In comparison, Keeley contributes a beautiful, slightly atonal melody to the skeletal and haunting ballad of loss, “Empty Glass.” But while the duo envisioned the type of vibe you hear on the album, the way they got it was actually a mistake.

Keeley (left) engages his bridge pickup and barres high on the neck as Thursday’s
keyboardist, Andrew Everding, strums . . . you guessed it—a Telecaster with a Duncan
Hot Rails bridge pickup. Photo by Elise Shively

“We recorded it during the last session,” says Keeley. “Geoff had the vocal part and the Hammond organ part and not much else. We knew we needed to finish it, so it fell on me to make the glitchy instrumental sections. I was really excited about that, but it was very frustrating to make, too. It ended up as a clean guitar run through a reverb pedal and a Line 6 DL4 Delay Modeler. Instead of strumming, I just turned the reverb and gain up and fretted the string with my strumming-hand finger. With all that sustain, I was able to play the guitar more like a violin. There were six layers of the main progression and six layers of harmonies, and that was going to be the part—this forward-moving thing. But then I accidentally stepped on the DL4’s loop reverse-play button, and it was suddenly a more powerful piece in reverse—with these suspended melodies and a weird timing that pulls you along in this uncertain way. The sweet note of the progression is delayed just a little bit too much, and at first I was like ‘Ah man, I wish I’d taken that one set of four beats out so it hit right where I wanted.’ But everyone was like, ‘Dude, you’ve gotta leave it—that’s what’s going to really engage people and make them listen more intently.’” Keeley adds that, if it hadn’t been for Fridmann’s “writing doesn’t end until the mix is over” ethos, there wouldn’t have been nearly as many spontaneous moments like that.

But as Keeley previously mentioned, No Devoluci—n isn’t all abstract soundscapes. The whiplash switch-ups and intense guitar buildups that have kept Thursday fans enthralled throughout the band’s existence manifest themselves in the savage shift from seething fuzz to all-out saturation on “Past and Future Ruins.” But even that has evolved.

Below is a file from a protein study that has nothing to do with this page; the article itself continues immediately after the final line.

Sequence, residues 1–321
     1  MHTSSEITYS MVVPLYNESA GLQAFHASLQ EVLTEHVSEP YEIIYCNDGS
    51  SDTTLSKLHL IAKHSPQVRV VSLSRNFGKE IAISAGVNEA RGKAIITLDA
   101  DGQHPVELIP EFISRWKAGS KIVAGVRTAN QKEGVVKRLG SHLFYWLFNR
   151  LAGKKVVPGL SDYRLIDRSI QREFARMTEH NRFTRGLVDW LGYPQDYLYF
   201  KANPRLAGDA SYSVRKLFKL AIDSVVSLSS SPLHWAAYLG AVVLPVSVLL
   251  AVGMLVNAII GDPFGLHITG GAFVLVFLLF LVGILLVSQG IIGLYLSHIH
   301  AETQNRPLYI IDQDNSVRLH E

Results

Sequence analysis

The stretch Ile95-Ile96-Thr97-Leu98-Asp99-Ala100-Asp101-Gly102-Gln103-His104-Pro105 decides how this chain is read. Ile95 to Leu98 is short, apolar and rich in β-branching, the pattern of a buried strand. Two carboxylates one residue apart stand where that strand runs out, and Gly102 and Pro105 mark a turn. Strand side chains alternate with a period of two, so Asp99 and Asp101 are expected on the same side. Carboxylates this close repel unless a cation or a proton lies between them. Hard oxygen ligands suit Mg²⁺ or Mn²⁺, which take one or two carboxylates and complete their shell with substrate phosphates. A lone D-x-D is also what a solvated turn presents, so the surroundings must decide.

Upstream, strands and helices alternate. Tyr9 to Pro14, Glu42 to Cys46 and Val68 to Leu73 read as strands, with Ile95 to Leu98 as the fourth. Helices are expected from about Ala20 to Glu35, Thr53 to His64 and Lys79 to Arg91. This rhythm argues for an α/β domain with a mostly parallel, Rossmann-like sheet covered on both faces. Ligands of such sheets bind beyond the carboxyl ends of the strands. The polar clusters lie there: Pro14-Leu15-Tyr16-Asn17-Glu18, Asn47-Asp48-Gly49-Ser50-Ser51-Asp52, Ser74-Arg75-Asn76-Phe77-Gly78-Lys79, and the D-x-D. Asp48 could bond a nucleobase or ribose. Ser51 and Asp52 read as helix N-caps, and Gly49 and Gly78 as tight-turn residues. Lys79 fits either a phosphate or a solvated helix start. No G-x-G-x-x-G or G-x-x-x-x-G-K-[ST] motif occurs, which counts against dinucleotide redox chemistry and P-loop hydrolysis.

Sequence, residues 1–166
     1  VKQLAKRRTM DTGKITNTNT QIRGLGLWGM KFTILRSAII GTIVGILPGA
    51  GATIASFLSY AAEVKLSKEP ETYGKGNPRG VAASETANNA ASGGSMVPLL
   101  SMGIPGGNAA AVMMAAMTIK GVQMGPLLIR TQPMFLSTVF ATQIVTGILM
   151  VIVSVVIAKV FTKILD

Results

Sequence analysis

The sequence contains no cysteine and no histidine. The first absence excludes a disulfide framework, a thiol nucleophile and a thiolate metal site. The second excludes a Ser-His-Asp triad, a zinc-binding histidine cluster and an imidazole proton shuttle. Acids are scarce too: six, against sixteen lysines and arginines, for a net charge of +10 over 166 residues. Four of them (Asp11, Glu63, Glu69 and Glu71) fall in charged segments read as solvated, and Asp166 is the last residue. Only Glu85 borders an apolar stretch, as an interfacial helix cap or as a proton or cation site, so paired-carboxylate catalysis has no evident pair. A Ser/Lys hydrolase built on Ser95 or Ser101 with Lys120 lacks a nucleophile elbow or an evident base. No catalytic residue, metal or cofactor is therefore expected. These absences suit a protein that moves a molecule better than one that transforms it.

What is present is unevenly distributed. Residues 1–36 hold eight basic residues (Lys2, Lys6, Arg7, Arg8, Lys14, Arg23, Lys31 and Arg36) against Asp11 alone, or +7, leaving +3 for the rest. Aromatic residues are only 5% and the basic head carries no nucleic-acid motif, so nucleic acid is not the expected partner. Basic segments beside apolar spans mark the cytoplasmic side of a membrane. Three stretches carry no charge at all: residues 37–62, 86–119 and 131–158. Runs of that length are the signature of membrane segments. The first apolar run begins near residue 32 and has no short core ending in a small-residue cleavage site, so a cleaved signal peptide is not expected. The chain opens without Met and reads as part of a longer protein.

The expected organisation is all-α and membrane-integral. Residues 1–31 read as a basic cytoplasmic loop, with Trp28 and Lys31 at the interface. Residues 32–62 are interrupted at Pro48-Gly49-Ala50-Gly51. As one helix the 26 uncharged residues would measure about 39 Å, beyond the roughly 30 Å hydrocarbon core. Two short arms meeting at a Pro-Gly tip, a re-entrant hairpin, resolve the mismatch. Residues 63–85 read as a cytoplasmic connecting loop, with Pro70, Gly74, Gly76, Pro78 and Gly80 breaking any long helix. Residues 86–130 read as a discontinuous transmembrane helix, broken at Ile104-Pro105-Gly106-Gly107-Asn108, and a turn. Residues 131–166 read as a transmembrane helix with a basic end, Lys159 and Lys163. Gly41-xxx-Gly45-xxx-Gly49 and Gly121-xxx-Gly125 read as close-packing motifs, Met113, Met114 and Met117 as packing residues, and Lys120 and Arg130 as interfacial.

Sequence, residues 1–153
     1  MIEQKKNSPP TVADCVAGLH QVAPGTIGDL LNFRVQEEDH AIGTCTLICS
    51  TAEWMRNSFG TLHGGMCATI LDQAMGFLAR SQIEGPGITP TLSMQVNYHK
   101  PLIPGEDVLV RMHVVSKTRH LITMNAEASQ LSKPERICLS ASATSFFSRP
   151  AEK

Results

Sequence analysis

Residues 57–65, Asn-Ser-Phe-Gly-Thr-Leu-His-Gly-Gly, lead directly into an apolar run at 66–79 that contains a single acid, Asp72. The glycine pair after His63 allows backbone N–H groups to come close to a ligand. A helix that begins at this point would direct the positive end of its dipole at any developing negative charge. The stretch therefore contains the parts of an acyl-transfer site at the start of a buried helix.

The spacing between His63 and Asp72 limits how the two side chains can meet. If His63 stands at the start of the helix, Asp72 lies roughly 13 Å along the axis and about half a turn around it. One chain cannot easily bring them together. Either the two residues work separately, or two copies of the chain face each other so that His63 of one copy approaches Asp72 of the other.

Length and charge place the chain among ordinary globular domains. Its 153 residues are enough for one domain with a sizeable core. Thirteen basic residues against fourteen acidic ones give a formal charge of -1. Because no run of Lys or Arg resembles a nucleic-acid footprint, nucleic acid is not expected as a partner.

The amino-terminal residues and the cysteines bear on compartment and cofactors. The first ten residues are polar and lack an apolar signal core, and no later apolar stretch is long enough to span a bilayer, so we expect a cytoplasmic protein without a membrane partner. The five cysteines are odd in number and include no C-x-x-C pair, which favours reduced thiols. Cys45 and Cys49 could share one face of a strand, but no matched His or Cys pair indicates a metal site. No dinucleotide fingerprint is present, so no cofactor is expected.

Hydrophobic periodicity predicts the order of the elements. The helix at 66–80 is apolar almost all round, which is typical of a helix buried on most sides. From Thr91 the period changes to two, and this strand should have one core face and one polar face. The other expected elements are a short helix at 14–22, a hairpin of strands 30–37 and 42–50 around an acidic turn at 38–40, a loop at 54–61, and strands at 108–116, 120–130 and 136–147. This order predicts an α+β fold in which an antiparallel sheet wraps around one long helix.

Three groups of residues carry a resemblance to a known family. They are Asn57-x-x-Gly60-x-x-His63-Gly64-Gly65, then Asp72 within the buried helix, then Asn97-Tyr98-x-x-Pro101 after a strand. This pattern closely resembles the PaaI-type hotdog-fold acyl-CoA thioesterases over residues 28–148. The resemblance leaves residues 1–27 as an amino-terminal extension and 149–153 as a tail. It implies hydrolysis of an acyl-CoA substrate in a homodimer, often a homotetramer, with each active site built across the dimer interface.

“The chorus riff has a swing to it that we haven’t had before. To expose myself a little bit, it was my attempt at making a Silversun Pickups song,” Keeley confesses with a laugh. “I don’t think it sounds anything like them, though—which is usually the story with me: If I have a favorite band and I try to write something like them, I’m usually not good enough to nail it, y’know?”

Gear Simplicity
Despite the number of textures and deceptively intricate ideas throughout Thursday’s back catalog, Pedulla and Keeley have pretty simple rigs. The latter tends to favor Marshall and Vox AC30 amps and standard Fender Telecasters with a Seymour Duncan Hot Rails bridge pickup. Pedulla is a bit more adventurous in his use of multiple effects units, but he also favors Telecasters with a Hot Rails bridge unit. He also has a custom First Act hollowbody—which is also stocked with Hot Rails.

“For some people, that’s a weird pairing— to put that hot of a pickup in a guitar like that,” he says of the double-cutaway, Bigsby-outfitted guitar. “But it’s awesome, and that got used probably the most. “Dave also has an awesome Harmony Rocket that we used, and I have a Jaguar that I played on a couple of things.”

Amp-wise, Pedulla has recently gotten into Bad Cats. “I used to use the Bogner Ecstasy Classic for distortion and I tried various combos for clean sounds, but I just got myself a Bad Cat Lynx and that’s all I use now. The second day of the tour, our front-of-house engineer came up and was, like, ‘Dude, that is the best your guitar has ever sounded!’ And I feel the same way. For the first recording session, I really wanted that Bad Cat but I didn’t have one, so I borrowed one. After two weeks or a month off, it became a challenge to find one for the next session. Dave was pretty adamant too—‘You need to make sure you have that amp again.’ Luckily, a friend of mine had an extra one he sold me at an amazing deal. So that and the Line 6 M13—that’s all I need. The only thing I use in the studio that I don’t have in my live rig, at least for now, is a DigiTech TimeBender Digital Delay pedal, which is a lot of fun.”